ABA Tech Thought Leaders 001 | Dr. Jose Martinez-Diaz
This week on Operant Innovations, we introduce our new series - ABA Technologies Thought Leaders. Throughout this series we will be hearing from the amazing minds behind ABA Technologies. How they got into the field, what is ABA Technologies, and where we are going.
In this episode, we get to sit down with Dr. Jose Martinez Diaz to hear all about his journey into the field.
If you have feedback or suggestions, please contact us at firstname.lastname@example.org.
Shauna Costello (00:03):
This week on operant innovations, we introduce our new series. ABA technologies thought leaders throughout this series. We'll be hearing from the amazing minds behind ABA technologies, how they got into the field. What is ABA tech and where are we going. On this episode, we get to sit down with Dr. Jose Martinez Diaz to hear all about his journey into the field.
Jose Martinez Diaz (00:33):
Alison King (00:35):
Alright, so we're going to go ahead and get started with our operant innovations podcast today. So of course, this is brought to us by ABA technologies and we have the pleasure as the professional development team with Dr. Alison King, Shauna Costello and Kelly Therrien to be interviewing the founder of ABA technologies Dr. Jose Martinez Diaz. So welcome to the podcast.
Jose Martinez Diaz (00:57):
Thank you for doing this and having me, uh, I hope that I can do well.
Alison King (01:05):
I'm sure you will. We've got just a couple of questions for you. We just know that, um, you know, so many people want to hear more about you and about your history and how you came to be who you are and the icon that you are in the field. So if we could just start, can you tell us some about your history, sort of how you came into the field of behavior analysis, uh, some of your educational background and just sort of that path?
Jose Martinez Diaz (01:26):
Yeah. Well, I can talk for over an hour just on that, but, uh, some people have heard my story of a local and how, when I was about seven years old in Cuba, that I, that my mother told me that the reason I couldn't go outside the Gates of our house out into the street was because there was a local in the neighborhood, the local next door. I called him. And her was actually about a block away. Cause we lived in a, in a several acres, but I was, uh, she was worried that he would escape and then that he would hurt me. And because he had hurt my uncle, her brother, uh, when my uncle was a teenager, uh, and he, and I asked about this local and they said that he had been my uncle's friend. They had gone to school together and all, but one day he got violent and tried to strangle my uncle and that after that the parents locked him up in the attic and that they hope that that's, she hoped that that's where he still was. So he couldn't hurt anybody else, which totally, totally, totally hurt me. And for my mother to be saying that also hurt me because my mother, I wouldn't think would have wished anything like that on anybody. But I felt like I can't, I have several acres to run around in and where I live, but I want to go out on the street and I can't go out on the street, but this, well, this man has been locked up in the attic and not able to go anywhere for decades because this was when he was a teenager. And I knew my uncle wasn't in his forties. So, and my goodness. I just felt very bad for the man. So I asked my mother isn't there any way to help him and she said, there's Massora and Massora was the local lunatic asylum.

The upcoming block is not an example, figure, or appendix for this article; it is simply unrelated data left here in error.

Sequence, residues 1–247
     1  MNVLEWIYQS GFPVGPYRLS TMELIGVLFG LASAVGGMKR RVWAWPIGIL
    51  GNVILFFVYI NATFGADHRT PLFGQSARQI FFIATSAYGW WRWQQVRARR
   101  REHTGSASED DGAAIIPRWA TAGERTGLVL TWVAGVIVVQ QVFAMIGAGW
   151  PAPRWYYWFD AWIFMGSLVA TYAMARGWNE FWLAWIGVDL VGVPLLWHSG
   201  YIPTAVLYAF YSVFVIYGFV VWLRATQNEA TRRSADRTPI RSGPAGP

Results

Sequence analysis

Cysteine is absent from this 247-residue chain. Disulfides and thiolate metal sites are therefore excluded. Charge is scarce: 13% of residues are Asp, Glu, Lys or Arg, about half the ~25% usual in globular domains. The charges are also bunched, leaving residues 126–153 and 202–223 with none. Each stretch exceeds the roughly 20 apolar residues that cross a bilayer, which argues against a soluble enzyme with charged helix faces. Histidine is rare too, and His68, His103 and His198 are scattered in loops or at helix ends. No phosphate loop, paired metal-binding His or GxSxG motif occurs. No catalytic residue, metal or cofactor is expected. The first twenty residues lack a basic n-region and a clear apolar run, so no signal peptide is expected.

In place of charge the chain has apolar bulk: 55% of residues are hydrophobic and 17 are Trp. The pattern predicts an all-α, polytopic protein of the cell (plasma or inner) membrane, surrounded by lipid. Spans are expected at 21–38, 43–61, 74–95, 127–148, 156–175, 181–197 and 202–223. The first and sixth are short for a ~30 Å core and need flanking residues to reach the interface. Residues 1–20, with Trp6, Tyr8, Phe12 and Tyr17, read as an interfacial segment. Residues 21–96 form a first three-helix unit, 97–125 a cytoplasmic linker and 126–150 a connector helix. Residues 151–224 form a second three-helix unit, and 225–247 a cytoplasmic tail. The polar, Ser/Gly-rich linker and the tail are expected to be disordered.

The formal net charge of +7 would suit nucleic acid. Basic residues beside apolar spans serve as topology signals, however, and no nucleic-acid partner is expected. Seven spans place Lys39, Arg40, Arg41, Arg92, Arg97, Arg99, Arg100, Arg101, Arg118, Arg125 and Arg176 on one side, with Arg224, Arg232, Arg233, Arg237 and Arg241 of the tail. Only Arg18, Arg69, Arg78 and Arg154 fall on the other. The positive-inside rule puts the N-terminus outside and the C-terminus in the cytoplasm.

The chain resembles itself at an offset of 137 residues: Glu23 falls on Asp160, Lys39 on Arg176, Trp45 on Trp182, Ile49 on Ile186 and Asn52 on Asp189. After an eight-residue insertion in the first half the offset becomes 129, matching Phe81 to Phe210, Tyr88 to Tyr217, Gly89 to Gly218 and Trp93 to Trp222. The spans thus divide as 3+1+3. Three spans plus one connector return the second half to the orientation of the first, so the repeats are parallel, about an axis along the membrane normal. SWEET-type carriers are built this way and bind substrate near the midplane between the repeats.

Jose Martinez Diaz (03:46):
And you can imagine one flew over the Cuckoo's nest. And some of those movies and books about asylums, I've watched many of them. And a lot of them are true. That's the way things were. And perhaps in places they still are, unfortunately, and of course they didn't help him there. And I said, are there any people who can help people like this who are crazy? And she said, well, there's psychiatrists. That's all she knew was psychiatrist and nothing about psychologist, but she said the psychiatrist. And I said, well, is there, are there any psychiatrist here in Cienfuegos? And she said that there had been one, and he wasn't able to help him at all. And that, and I said, Oh, I want to meet him.
Jose Martinez Diaz (04:44):
I want to talk to him, see how he helps people that are crazy. And she said, well, he's actually stopped. Or Nino's dad said Tonino was one of my classmates at the time. And I said, Oh yes. So I'd like to meet him. Maybe I can go visit San Berdino. And she said, uh, no, he's, he's not alive anymore. And I said, Oh, he died, what happened. He must not be that old. And he said he killed himself. And that's how I found out about suicide. And that people actually killed themselves. And I felt really bad about that too. And then I found out here is somebody who helps crazy people and here's somebody who actually knows how to help people. And he does something crazy. Cause I thought killing yourself sounded like the craziest thing there was.
Jose Martinez Diaz (05:43):
And I said, huh. And I went, uh, up to my room. And, uh, right next to my room was the library for the house. And I started looking up and we had an encyclopedia Britannica translated into Spanish and I looked up psychiatry. I looked up then psychology and I read all the stuff that didn't make any sense. And, and it really didn't make any sense to me whatsoever that any of this could help people, but I didn't give up. So I started, but I sort of put it on the back burner until I got to high school. And then as soon as I got to high school, I took a psychology class. Uh, even though it wasn't part of my program, I took it as an extra class that I wouldn't have to take over the summer.
Jose Martinez Diaz (06:40):
And, uh, and I read about Freud and that didn't make any sense to me, uh, either. And, um, and I says, wow, I dunno if there's any way to help these people. But I was fortunate enough that I then give it up because I went to the university of Miami and majored in psychology. And I figured maybe it's not psychiatrists who can help people, maybe it's psychologists. And, uh, and, and I started learning and I was fortunate enough that my first advisor and was behavioral Fred Newman. And, and I was in the honors program. So I got to spend a lot of time with my advisor. Uh, and, um, my first exposure to behavioral analysis was from him. And also I learned about the work of Fred Keller before I even learned about the work of BF Skinner, um, because Fred Newman, uh, used Fred Keller's approach to teaching and he, uh, he had a class I took from him in the summer after my freshmen year was set up as a PSI class, a personalized system of instruction. And he said, this is a behavioral way of teaching. And I took that class and I finished it in like three weeks and I got an A, and then I had the rest of the summer in which I didn't have to take the class. And I thought, this is wonderful. I finished my, my whole class. I was supposed to take all summer in three weeks and I've been getting bored and, and I felt really good about myself having learned this stuff fast and well, and then he said, Hey, you should be a tutor for the other students.